A due to account is a liability account typically found inside the general ledger that indicates the amount of funds payable to another party. The funds can be currently due or due at a point in the future. This due to account is usually generated and put on the books as the result of a transaction. After a business receives goods or services from an outside party, if the party providing the services is not paid right away, the due to account is created and funds are allocated to it to provide the future payment. The 'due to' account is used in conjunction with a 'due from' account to reconcile from which account the money will be coming, and to which it will be going.
The due to account is also called an account payable.
Breaking Down Due To Account
The general ledger is the centralized source that contains all of the financial accounts for a company. It contains debit and credit accounts, including the due to account and the due from the account. The due to account is also sometimes referred to as "intercompany payables" account. When a business receives goods or services from an outside party, if those items aren't paid for immediately the business will create a due to account entry on its books to set aside funds to pay the vendor.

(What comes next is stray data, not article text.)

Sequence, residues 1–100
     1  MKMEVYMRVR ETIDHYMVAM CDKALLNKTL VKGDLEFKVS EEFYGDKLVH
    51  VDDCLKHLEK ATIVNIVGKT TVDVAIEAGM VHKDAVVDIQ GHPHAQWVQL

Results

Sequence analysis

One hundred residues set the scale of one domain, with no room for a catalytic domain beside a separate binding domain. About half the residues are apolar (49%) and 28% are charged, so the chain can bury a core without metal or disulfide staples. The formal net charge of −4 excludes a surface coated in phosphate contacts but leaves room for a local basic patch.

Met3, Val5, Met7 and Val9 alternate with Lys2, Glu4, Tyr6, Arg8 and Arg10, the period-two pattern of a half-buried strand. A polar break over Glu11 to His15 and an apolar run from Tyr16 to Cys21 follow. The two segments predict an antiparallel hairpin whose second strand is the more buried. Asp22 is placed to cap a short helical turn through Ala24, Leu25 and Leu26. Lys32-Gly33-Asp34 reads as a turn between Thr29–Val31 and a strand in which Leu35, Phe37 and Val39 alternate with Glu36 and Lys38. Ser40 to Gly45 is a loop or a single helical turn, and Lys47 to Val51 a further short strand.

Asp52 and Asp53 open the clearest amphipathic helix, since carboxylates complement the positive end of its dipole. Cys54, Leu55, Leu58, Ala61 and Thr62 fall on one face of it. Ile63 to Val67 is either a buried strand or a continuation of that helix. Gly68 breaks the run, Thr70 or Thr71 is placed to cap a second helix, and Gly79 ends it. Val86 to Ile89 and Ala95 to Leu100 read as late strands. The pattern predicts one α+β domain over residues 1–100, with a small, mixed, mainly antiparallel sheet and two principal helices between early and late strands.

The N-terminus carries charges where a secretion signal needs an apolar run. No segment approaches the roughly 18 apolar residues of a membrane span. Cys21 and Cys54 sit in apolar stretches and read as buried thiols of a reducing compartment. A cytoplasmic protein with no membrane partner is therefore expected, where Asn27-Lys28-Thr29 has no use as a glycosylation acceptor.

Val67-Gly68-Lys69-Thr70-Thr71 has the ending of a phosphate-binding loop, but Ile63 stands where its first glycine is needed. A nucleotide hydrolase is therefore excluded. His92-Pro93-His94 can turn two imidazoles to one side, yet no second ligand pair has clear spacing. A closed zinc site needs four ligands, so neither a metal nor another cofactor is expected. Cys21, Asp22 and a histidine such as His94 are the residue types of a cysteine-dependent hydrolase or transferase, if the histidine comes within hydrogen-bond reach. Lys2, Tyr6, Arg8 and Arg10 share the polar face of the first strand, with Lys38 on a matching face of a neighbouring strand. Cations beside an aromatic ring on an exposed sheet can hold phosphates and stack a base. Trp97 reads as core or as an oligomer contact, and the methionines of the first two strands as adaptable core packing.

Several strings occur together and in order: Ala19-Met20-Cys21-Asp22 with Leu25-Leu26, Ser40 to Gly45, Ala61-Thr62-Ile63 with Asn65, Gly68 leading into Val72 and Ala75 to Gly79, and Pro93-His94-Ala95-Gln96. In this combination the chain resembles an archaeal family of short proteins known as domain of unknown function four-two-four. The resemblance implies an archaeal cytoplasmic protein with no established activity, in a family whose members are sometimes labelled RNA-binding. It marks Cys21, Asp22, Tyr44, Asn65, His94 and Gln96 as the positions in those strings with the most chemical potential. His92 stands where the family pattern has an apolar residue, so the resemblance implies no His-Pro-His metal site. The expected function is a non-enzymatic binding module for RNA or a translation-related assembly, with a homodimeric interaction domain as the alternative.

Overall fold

Example of a Due To Account
For example, XYZ Company produces widget presses. One day, their widget press breaks. It turns out there was a defective tuner in one of the crankshafts of the machine. XYZ Company needs to hire a widget press mechanic and also needs to purchase a new tuner for the crankshaft. The tuner arrives with an invoice. The mechanic comes and fixes the machine and says he will send XYZ Company an invoice for his services. XYZ Company would create two due to accounts in its general ledger upon receiving these invoices. Once these invoices were paid, the due to accounts would be canceled.